You don’t have to sacrifice good design while adhering to fireplace chase cover safety requirements
A fireplace chase cover doesn’t have to be boring. There are a variety of creative ways to leave an opening at the top of the chase and some of them are even design magazine worthy!
You can achieve a heat release by leaving an opening at the top of the chase. Finish this opening with a louver or grille, or simply with a drywall edge system. Traditionally designed living rooms such as craftsman and French country, always have a fireplace as a feature. However, chase venting cavities often do not work with the lines in these rooms. Contemporary rooms are more forgiving to industrial elements like louvers and openings, though designers would naturally desire more attractive options. Try ventilating your fireplace in a more creative way.
Here are a few examples of designs that comply with the heat release requirements while not sacrificing the design of the room itself.
Creative Chase Cover #1: The Chase Reveal
A chase reveal is an extremely simple and elegant option as it is essentially stopping the chase short of meeting the ceiling. If the chase is built to minimum width and depth, then then opening at the top of the chase will always be within the minimum allowable opening.
While not the most creative option, you can combine this with other chase features.
Chase Reveal Valance
In some cases, the standard chase reveal is not desirable. Especially in cases where crown molding exists along the ceiling. Luckily, the crown molding or a similar trim can run along the chase reveal to create a chase valance. This conceals the opening from most angles, though still allows heat to spill out of the chase.
Creative Chase Cover #2: Vertical Hidden Release
Install by Matthew Hall, Commercial Sales & Training Manager at Montigo
When we purchased our home, we knew the fireplace was going to be the first thing that needed updating. We were going for a “Modern Farmhouse meets Bohemian” feel. While we loved the two linear fireplaces we’ve done in previous properties, we chose a traditional box because of the existing chase the original fireplace was built into.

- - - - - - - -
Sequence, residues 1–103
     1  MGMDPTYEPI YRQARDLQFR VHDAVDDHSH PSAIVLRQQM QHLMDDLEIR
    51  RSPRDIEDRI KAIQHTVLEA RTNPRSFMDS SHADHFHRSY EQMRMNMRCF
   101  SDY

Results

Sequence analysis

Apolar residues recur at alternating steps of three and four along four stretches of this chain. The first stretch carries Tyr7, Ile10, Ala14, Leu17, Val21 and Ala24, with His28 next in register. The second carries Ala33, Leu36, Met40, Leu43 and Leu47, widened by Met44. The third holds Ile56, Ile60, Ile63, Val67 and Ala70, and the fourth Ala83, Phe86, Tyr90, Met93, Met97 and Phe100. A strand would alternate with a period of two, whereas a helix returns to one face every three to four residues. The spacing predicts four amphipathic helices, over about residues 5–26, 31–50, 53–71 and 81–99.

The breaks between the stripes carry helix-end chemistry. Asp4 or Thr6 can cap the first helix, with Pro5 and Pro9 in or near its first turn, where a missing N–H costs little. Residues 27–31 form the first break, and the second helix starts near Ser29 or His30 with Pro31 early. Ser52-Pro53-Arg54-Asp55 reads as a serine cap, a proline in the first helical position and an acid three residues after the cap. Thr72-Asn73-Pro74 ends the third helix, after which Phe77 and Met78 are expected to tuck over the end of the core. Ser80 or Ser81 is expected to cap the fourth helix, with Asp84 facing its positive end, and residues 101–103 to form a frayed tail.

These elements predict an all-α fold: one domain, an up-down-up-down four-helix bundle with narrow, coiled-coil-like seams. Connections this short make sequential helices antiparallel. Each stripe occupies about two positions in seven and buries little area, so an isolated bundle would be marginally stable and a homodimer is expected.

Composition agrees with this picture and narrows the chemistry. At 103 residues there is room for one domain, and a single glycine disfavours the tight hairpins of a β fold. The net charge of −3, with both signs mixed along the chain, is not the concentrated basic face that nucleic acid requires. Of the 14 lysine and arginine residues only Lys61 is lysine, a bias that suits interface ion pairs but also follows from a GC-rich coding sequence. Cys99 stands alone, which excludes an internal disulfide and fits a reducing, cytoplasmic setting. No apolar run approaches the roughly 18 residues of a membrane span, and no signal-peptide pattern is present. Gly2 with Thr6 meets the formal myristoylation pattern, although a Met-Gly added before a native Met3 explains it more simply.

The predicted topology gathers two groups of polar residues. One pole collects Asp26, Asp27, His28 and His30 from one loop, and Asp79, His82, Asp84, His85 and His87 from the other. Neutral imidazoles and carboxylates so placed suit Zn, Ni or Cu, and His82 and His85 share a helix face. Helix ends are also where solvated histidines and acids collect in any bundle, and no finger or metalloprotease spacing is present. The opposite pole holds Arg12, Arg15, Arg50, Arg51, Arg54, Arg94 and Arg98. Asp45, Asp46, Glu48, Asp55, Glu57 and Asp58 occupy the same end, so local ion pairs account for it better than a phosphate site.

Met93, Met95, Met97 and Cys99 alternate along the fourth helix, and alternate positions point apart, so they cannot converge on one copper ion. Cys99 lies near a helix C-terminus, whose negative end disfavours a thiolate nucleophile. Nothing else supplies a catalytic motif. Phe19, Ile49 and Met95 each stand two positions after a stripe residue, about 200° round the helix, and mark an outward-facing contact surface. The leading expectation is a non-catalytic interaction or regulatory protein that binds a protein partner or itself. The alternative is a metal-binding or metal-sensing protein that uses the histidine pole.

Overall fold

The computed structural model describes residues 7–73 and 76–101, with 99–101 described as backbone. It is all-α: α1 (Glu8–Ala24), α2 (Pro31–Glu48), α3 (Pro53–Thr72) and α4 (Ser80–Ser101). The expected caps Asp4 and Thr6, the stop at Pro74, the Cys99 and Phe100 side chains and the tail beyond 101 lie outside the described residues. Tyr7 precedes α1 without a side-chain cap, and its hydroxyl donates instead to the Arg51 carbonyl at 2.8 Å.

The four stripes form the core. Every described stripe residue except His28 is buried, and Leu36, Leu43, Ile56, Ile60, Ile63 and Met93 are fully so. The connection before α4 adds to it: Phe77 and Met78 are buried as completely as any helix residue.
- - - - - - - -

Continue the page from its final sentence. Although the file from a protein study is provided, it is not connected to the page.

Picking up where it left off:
The 36-inch fireplace that was there felt underwhelming so we increased the size to a DelRay Square DRSQ42, which meant we needed to pull the fireplace out into the room 8-inches. The extra space gave the wall more dimension and allowed us to build shelves on both sides.
Because the ceiling height in the space is only 9-feet, we chose to use a vertical slat wall design to make it feel taller, with a soft Roman Clay finish by Portola Paints.
Since a slat wall can already feel pretty busy, finding a way to ventilate the chase was tricky until I decided to hide the chase opening behind the slats. I chose to build my own slats out of MDF, but any of the slat wall panels ready out of the box would work great as well. We wanted to paint ours white to stand out less so the added cost of a veneer wood slat was unnecessary.
Because the slats cover a portion of the opening, we compensated for that loss of open air space by increasing the length and height to allow the correct minimum opening, which was 120 square-inches for the DelRay Square DRSQ42. The beauty of this design is that it doesn’t stand out when you’re looking at it straight on, and from an angle it’s virtually invisible!
Creative Chase Cover #3: Dot Matrix Fade
Urban Fireplaces in Coquitlam, BC, installed this ultra cool dot matrix fade chase opening. While this modern aesthetic wont work with all home designs, in this situation it works extremely well.
Use a CAD program to map out the holes with an offset in each row. Decrease the hole diameter and spaces between incrementally to create a subtle transition from top to bottom. As an added benefit, mapping in CAD can add up the area of the holes to ensure they match the air opening requirements.
If you have a steady hand, you can achieve this look with a cordless drill after hand plotting the design on the wall.